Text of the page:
Swinging through the Rectory gates at 6.30 pm, a familiar sight awaited, a Traveller whom I have known for the past eleven years.
“How are you?” he said. “I was looking for you up in Dublin; they told me that you had moved down here. I’ve been waiting since four. A girl in the school told me you lived here”.
“How are things?”
“Not good. The wife has put me out and I’m living in that old van there. I stay with friends around the place. Sometimes though, I don’t get to wash for days”.
“Did you go to prison or not?”
“I got two months, but they never put me in prison. There’s something about an appeal”.
A TD had told me he was in prison, but he clearly was not.
“What about your family”?”
“She won’t have me back. I’ve nowhere to go”.
“What about the council?”
“All they’ll give me is a flat. I don’t want a flat. If I had five hundred quid, I could get a second hand caravan and put it in someone’s garden”.
“Did you ask the council?”
“No, they’re no good. A caravan is what I need”.
“Listen, I’ve a meeting to go out to. There’s twenty quid, that’s half of what I have in my wallet”.
“You couldn’t raise the five hundred somewhere?”
“No, I couldn’t raise the five hundred somewhere”.
I gave him €500 once, it was to pay a month’s advance rent on the house in which his wife and family now live, it was to get them off the roadside. If he had been put out, it was because he had resorted to the behaviour that had driven them to the women’s refuge on a number of occasions.
He went off, sullenly. He will return. It was on Thursday evening that he called. Thinking about him this evening, there was a feeling of having been daft to give him €20. He was not a victim, but was more comparable to the loathsome Pat Baines in Paul Smith’s novel The Countrywoman
Three things contrived to go wrong with Pat Baines that Saturday. The first was when the ward sister came up to where he lay on the broad of his back in the corner bed in St. Jude’s and told him in her concise voice that it was time he got up and out as they needed his bed. The second was that the minute the news of his departure spread from bed to bed and even across the landing into the next ward, men came running with demands for payment for tobacco and newspapers that he owed them. And this led up to the third, because by the time he met their demands, which were small but many, he had exactly one penny left out of the seven-and-six relief money that Mrs. Baines had collected the day before and sent up to him by Neddo. The result of his having no money meant that he had to walk all the way from what was called Number One James’s Street past endless pubs in Thomas and Francis streets through the Coomb, lined with more pubs, even past those in Kevin and Camden streets where on other days he had lorded it grandly while he downed whisky faster than the barman could pour it. But today he was forced to walk by them without as much as a drink of water passing his lips, although at a couple of pubs where he considered he was well known enough to be able to run up the price of a couple of drinks until another day, the barmen had politely refused, pointing out in case it had escaped his notice the cardboard propped against a row of bottles: “Do not Ask for Credit as a Refusal Often Offends.” Pat Baines was offended and said so but was unable to do anything other than mutter a cursed advice as to what they might do with the drink they refused him.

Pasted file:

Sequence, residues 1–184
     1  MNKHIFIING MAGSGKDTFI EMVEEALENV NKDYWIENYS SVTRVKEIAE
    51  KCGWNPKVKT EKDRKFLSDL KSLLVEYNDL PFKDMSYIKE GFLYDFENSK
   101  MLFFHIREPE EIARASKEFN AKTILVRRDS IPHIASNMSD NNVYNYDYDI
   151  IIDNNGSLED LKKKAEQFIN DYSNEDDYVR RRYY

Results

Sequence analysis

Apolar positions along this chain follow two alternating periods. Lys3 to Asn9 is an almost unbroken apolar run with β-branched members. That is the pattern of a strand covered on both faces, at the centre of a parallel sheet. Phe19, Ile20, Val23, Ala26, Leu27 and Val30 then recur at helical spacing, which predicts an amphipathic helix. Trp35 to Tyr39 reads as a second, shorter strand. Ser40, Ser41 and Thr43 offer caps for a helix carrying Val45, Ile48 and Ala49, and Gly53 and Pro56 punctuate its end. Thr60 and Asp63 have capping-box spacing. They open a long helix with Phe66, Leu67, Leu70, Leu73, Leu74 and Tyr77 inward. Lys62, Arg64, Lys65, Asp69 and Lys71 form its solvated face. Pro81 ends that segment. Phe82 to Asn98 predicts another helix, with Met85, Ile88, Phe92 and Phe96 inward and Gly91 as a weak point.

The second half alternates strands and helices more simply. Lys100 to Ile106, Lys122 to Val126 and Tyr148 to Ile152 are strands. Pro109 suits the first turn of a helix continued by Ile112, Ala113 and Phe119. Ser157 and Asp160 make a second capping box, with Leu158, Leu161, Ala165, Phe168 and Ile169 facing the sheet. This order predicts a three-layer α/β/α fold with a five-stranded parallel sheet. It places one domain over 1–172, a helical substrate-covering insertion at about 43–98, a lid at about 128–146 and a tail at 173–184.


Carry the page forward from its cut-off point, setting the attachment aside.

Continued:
As usual he considered that his wife and children were responsible for the torture of his walk from the Union and for his agony of longing for even one drink. Filled with resentment, he kaleidoscopically attributed the rest of his bad luck to them also, starting from the moment the nun asked him to leave the hospital up to the last barman’s rebuff. It never dawned on him that his wife and children were more unaware of Sister Eustace and her existence than she was of theirs, or that even if they were not, they were still as powerless about getting him asked to leave as her decision that he should do so was unquestionably final in its authority. It would have suited him to lie up another week in his bed in the corner with nothing to do all day but sleep, eat and read and be waited on hand and foot by the remnants of men who for one reason or another found existence within the prisonlike walls surrounding Number One easier than trying to live outside.
Putting up with the Pat Baines of the world has lasted too long. Perhaps the man’s arrival at the doorstep is a positive thing, a sign his family will no longer tolerate his wrecking of their lives.